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14. Networking and communications

In this, week I designed and milled a board for the networking assignment. The board was for IR sensors wthat are to be used as input devices for my final project. Our instructor for the week was Juha Mäkelä who gave tips on how to complete the assignment.


Individual task
Design, build, and connect wired or wireless node(s) with network or bus addresses.

Group task
Send a message between two projects.

Group Assignment

We did the group work together. We downloaded the Bluetooth Control Lamp app from Google’s Play Store and set it up as presented in the image below.

After the module is paired and the code for serial communication compiled and uploaded to the microcontroller, the desired functionality can be obtained. These includes commands to blink LEDs on the press of a number as outlined below.

We connected Sahan’s, Yasir’s, Jobin’s and my board from a previous assignment. Using HC-06, a Bluetooth slave module for wireless serial communication, we connected and programmed our boards from Electronics design week to blink the LEDs when a button on the Bluetooth mobile application is pressed. GND and VCC were provided from one board and all the boards were connected using a flat ribbon cable (FRC). The module works with serial communication and can be configured to send commands when connected to a mobile phone or any other Bluetooth device.

The LED on each board lit up when the button corresponding to the number assigned to the node was pressed. Finally, the code was modified so that all the LEDs turned on and off at the same time. The module enables the Arduino to easily connect and exchange data with devices such as Smartphones, computers or other microcontrollers.

Below is a video of the connected boards.

More details about the group assignment can be found in Jobin’s and Sahan’s pages.

Individual assignment

I had started working on the final project board in output devices week, which I hoped to use for the following related tasks. The board (still in progress) took longer to route than anticipated and after spending much time working on it, could not afford to spend more. So, for this week’s assignment decided to design one based on IR sensors that I intend to use for the final project. The design process followed that in Electronics production and design weeks.

Even though I had used similar settings for all the previous boards, they did not work with the current board. The first time I tried to mill, the board was not evenly placed on the surface of the milling machine. There were deeper cuts in some places on the board ruining some traces and it was not worth repeating the job. The second time, the board was well placed but the milling bit was going deeper than expected which removed some of the traces.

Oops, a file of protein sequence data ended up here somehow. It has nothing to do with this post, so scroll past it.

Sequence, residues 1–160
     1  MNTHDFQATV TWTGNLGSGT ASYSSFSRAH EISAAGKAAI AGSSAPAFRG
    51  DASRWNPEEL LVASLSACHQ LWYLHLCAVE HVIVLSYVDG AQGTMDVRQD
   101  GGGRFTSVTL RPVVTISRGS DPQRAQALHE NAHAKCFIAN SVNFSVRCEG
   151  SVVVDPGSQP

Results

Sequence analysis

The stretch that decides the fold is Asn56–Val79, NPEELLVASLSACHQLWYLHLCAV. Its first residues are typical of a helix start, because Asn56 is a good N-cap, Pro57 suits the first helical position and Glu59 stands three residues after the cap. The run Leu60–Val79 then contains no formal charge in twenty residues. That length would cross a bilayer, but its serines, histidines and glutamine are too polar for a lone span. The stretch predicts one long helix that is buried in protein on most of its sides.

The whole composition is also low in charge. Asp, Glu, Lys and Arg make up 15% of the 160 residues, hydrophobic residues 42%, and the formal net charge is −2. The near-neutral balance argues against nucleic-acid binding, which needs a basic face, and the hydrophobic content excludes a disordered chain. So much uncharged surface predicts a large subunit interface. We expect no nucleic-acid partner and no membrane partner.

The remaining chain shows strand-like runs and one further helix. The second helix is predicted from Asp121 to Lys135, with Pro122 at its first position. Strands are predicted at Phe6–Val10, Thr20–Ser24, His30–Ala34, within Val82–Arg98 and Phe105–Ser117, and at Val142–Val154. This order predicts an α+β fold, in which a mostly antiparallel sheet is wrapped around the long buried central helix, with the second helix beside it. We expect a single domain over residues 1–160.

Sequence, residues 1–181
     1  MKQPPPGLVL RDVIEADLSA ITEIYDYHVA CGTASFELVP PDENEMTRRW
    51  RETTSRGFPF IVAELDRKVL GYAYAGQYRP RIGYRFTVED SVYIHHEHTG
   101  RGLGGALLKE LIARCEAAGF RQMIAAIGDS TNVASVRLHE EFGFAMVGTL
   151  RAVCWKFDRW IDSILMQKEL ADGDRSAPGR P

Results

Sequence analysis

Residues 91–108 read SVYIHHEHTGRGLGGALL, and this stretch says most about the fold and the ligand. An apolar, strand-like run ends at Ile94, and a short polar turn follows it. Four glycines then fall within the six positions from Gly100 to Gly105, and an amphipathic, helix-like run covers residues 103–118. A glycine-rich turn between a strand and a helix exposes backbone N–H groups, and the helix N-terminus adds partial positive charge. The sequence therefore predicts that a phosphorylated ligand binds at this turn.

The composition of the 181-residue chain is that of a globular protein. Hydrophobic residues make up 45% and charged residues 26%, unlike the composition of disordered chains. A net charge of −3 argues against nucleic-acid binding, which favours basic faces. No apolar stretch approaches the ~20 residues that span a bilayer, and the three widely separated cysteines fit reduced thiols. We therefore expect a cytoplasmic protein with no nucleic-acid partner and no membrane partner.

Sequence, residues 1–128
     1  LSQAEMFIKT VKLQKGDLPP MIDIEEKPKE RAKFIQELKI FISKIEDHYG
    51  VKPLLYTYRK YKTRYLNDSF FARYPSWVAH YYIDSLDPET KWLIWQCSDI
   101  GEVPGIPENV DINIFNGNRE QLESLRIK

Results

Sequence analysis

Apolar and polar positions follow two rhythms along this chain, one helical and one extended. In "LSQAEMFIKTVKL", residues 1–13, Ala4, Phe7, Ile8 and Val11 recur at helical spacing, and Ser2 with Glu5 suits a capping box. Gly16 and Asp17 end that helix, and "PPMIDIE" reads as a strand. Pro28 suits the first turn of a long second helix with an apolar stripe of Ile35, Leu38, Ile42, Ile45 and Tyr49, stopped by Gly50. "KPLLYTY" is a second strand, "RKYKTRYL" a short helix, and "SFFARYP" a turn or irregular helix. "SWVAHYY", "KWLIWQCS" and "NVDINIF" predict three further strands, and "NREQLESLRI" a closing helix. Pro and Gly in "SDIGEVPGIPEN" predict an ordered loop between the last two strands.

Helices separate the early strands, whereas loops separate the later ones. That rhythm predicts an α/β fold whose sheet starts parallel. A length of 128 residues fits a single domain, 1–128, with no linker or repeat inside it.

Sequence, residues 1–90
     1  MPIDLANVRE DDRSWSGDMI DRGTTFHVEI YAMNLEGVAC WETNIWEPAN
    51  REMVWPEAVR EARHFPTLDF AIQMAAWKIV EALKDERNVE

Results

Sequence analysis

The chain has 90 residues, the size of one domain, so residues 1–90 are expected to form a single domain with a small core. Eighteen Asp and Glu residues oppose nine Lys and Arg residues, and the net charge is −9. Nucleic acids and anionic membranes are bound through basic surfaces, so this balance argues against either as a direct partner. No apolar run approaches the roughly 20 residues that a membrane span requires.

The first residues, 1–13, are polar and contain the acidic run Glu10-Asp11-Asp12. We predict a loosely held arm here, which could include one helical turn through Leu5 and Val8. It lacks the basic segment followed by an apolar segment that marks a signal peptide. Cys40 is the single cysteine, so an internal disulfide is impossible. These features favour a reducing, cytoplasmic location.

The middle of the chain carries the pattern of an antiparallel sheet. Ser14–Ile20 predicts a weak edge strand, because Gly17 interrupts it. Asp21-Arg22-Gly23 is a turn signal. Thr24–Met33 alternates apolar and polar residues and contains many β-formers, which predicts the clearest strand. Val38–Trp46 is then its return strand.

Finally, with Behnaz’s suggestion, we decided to reduce the cut depth from 0.1mm to 0.08 mm in fab modules and this worked.

Below are images of the schematic and board design.

For the traces and outline.

If there is something I haven’t gotten used to yet, it is soldering which took a long time! After it was done, I confirmed that the all the connections were as they should be with a multimeter and everything was working.

When I was leaving the lab I accidentally placed the board in a constrained space which pressed against the ISP header pin and part of it came off (lucky me!). Luckily, there were still people in the lab and I went back and re-soldered the header. Again, I checked for continuity with a multimeter and all was ok (sign of relief). When I later tried to program the board, this happened:

As I was home, there wasn’t much I could do other than try to re-examine the board taking a closer look at all the traces. Underneath the ISP header, not all the pins seemed to be connected to the corresponding IC pins. When removing the connector from the ISP header, disaster struck!

Most of Friday afternoon’s work ruined! Later, Alok helped to reattach the ISP header to the board and using jumper wires, reconnected the broken connections. Although, it needs to be treated gently when attaching the connector for programming as it has poor stability and could easily detach from the board again when removing the connector.

After this, following Jari’s example from 2018, I made an rx/tx hub connector. With this board, there were no problems with milling. I also used the code and followed the description by Jari to connect my boards as serial bus.

The key idea is that when the node sends a response, the Tx pin is switched to output state and back to input after sending. The default state is input to not interfere with other nodes.

Using this connector, I built a network consisting of the boards from Electronics design (Node 1), Input devices (Node 2), this week (Node 3) and programmed them. As I was only blinking the LEDs, the pin configurations were similar to those used in Embedded programming week. The LEDs in all three boards were attached to PB2 (Pin 5) which corresponds to Pin 8 on the Arduino.

ATtiny44 and Arduino Pinout

Wired node

When I type a node number (either 1, 2 or 3), in Arduino IDE’s serial monitor, the LED on the board blinks and the node number is printed. Nodes 1 and 2 work as expected but there is no response or any output given from the third node. I will revisit this later when I have time.


NB: I did not create RML files for the second board which is mostly similar to the other one, except for the placement of a few components. I had a resistor close to the resonator in the first one and only noticed after preparing the RML files so decided to modify the schematic by leaving some space in case it would be a problem.